After years of delay, the Senate passes a two-year highway bill to help fix the nation's roads, bridges, rails, and ports. But rifts in the House could delay passage.
J. Scott Applewhite/AP
The Senate, after months of debate, passed a $109 billion, two-year bill funding the nation's transportation infrastructure in a lopsided vote on Wednesday.
The bill, which passed 74 to 22, marked a rare bipartisan triumph in the Senate. Now, the House must pass the Senate bill or its own version – a process that is complicated by divisions within Republican ranks.
Until the Senate and House agree, American businesses that rely on federal transportation dollars aren’t exactly stalled, but they can’t kick things into high gear, either.
“The highway system is our assembly line, and the only way we can have our assembly line improved is through the action of government,” said Randy Mullett, a spokesman for Con-Way, a $5.3 billion trucking and freight company headquartered in Ann Arbor, Mich. “Can you imagine any other business in the country that runs like that?”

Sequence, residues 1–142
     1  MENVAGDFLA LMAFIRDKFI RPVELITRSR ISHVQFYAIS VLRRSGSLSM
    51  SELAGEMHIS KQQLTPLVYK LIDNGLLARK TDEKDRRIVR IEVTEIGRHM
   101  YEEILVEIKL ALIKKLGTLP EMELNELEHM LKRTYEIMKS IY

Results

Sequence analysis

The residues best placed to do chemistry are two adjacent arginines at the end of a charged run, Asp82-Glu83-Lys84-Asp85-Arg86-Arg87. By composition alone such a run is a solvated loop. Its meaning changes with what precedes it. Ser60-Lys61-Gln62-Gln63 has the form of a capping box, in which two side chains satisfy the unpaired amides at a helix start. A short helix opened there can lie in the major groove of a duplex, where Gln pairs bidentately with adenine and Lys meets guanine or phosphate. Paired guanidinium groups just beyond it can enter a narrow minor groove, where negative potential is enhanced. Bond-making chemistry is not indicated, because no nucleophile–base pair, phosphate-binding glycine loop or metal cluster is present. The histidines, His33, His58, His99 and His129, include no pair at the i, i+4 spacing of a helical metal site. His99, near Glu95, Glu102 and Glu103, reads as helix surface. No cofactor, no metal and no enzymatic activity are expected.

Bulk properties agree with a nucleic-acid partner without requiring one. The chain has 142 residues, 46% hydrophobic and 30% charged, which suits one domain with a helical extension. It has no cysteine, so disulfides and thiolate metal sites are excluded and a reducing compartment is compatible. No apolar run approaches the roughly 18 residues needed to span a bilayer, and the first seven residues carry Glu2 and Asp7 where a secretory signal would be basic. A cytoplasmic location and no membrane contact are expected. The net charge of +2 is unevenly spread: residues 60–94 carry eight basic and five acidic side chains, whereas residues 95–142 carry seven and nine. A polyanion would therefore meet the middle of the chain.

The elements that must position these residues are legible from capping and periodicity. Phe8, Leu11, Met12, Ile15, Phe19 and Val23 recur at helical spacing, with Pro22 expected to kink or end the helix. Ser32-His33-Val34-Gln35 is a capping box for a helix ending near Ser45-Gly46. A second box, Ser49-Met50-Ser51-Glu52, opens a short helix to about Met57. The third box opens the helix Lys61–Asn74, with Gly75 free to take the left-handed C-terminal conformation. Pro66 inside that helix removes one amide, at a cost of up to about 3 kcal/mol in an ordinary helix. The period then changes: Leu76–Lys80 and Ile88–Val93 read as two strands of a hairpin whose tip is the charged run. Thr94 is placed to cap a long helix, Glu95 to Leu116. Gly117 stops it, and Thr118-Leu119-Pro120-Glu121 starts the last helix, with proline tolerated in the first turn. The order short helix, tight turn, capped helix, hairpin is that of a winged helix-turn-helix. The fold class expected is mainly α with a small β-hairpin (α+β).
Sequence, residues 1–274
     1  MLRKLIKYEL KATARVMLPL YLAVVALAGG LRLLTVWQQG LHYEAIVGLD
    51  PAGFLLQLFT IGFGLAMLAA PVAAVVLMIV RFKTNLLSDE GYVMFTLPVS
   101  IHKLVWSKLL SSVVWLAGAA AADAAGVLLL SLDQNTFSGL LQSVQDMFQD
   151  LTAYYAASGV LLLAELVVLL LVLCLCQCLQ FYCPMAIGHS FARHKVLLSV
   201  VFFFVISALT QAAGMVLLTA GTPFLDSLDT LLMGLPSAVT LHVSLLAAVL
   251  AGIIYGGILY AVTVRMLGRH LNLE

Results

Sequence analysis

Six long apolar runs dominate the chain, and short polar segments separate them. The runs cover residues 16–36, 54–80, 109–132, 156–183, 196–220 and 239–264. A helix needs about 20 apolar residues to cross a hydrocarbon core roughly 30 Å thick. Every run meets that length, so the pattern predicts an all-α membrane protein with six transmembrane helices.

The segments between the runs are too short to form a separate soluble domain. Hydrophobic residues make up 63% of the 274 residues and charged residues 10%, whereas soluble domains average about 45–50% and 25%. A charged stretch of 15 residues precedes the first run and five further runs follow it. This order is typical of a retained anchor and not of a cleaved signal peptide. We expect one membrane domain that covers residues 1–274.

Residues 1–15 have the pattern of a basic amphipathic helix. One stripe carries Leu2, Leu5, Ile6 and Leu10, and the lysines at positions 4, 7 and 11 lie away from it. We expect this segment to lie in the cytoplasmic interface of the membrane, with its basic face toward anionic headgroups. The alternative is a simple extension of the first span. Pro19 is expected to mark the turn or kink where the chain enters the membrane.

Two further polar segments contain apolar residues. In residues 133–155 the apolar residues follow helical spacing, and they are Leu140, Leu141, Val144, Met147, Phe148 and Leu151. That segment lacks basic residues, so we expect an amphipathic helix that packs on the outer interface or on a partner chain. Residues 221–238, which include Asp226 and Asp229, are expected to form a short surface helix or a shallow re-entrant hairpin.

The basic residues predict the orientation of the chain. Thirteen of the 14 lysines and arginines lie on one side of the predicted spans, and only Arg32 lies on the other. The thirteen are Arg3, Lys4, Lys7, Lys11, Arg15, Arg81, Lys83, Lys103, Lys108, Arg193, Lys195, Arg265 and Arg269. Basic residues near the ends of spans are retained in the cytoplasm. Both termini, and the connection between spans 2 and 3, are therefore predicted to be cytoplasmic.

Since the last long-term transportation funding bill expired in 2009, Congress has passed more than a half-dozen short-term funding extensions of a bill that once rocketed through both chambers, fueled by pork-barrel spending and the knowledge that every congressional district in America had potholes to fill.
At least two major hurdles remain before this bill can become law.
First, members of Congress might have to pass a temporary stopgap extension of transportation funding, because the current authorization runs out at the end of March. House Republicans, who return from work in their home districts next week, might not be able to settle on how to respond to the Senate proposal before then.